As for humans, we've had a couple of sleepless nights.  Our body thermostats just don't adjust easily to 80-some percent humidity with sweat dripping off our noses.  
The lack of rain, for yet another period, coupled with the high temperatures has caused forest fire danger in the surrounding area to be listed as way too high for comfort.  Not much to do but put on our coolest (while remaining decent) clothing and keep our fingers crossed for mid-week when promised rain arrives along with lower temperatures.

Here's a lovely, wild bouquet a sweet nine-year old girl gave me when she came in yesterday from a walk on our property.  I was touched.  And impressed.  The rugged beauty of nature.  And the thoughtfulness of a child. 

Thursday, August 24, 2023

Just Call Me . . .

Yep, call me done in.  Pooped.  T-i-r-e-d.  It's that wonderful time of year when the garden is giving forth its bounty just about faster than I can get it harvested and processed.  But that's a good thing (puff-puff), and what we gardeners hope for all season long.  So I'm thankfully pushing along.
Actually, I'm doing a fair job of keeping up with everything (garden related at least).  Except for the weeds that have obviously seen this as their last chance to band together while I'm not looking (or have time to look) and are happily bursting forth.
Right now I have a second batch of Blueberry Jam on the stove after having done my first batch yesterday. 

I have to confess I cooked it too long yesterday and the consistency is thicker than we like.  Geez, after having made Blueberry Jam for umpteen years, you'd think I'd know what I was doing by now.
Also harvested and processed the last of the beets yesterday.  Last year, I kept all of our beets (unprocessed) in the root cellar which didn't turn out really well as it takes sooo long to cook beets that I always found something else to serve as a veggie with our meals that was quicker and easier.  (Emphasis on quicker.)  This year I'll be able to pull a packaged serving out of the freezer, pop the beets into boiling water for a couple of minutes and on the table they will go.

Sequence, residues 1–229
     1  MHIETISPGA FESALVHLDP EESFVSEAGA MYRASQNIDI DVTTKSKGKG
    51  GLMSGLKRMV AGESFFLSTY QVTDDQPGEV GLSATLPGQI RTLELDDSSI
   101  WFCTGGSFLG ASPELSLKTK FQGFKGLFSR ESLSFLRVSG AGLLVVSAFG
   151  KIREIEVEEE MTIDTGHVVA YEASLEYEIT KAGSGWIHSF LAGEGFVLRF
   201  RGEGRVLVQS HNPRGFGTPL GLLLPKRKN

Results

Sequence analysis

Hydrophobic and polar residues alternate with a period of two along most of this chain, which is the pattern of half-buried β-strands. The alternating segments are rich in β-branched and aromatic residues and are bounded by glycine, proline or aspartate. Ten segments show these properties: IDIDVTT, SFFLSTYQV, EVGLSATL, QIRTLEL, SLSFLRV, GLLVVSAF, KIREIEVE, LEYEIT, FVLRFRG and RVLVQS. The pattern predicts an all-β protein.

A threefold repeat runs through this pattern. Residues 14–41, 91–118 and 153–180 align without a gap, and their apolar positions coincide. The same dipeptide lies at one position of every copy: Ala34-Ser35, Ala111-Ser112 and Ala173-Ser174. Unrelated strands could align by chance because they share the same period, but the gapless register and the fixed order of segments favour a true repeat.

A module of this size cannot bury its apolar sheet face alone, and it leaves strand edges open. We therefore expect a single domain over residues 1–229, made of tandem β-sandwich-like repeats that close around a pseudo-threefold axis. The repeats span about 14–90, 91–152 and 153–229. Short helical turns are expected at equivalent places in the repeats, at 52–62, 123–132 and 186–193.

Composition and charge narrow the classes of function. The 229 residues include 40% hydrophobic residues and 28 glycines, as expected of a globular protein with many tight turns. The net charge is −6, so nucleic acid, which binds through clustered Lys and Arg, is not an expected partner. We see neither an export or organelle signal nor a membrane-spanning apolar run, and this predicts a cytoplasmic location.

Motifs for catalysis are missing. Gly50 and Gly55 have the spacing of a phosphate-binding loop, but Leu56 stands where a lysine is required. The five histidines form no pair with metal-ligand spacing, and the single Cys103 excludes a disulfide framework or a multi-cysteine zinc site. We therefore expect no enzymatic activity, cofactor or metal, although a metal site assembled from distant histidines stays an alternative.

I've dehydrated some herbs already but methinks enough has grown back on the plants that another cutting can now be taken.  That's a shot of oregano above.
Blooms on the sunflowers are prolific and I have vases of them showing off their cheerful faces all over the house.  
I planted a packet of "mixed" this year and they are, indeed, mixed in size and color.

This is the tallest one so far.  I just measured and it's 8' tall and growing.

I'm particularly fond of this lemon colored one.  Not as tall as it's neighbor, but one of the bigger ones.  The plants range in size from about 3' to that big guy in the first picture.

Even the cosmos have decided to bloom, late though it seems to be.  I'm getting a good mixture of colors this year after having hardly anything other than pink, pink, and pink last year.  Same seeds planted this spring so I wonder what causes the wider selection of colors this year?  Is Mother Nature fooling with me?
The blueberry mixture is getting close to thickening so I'd better get it into the jars and water bath before it thickens too much again.  Fingers crossed I don't end up with blueberry syrup with this new batch.  "So what's wrong with blueberry syrup?" my husband would say.  If it happens, I'll just call it a win-win.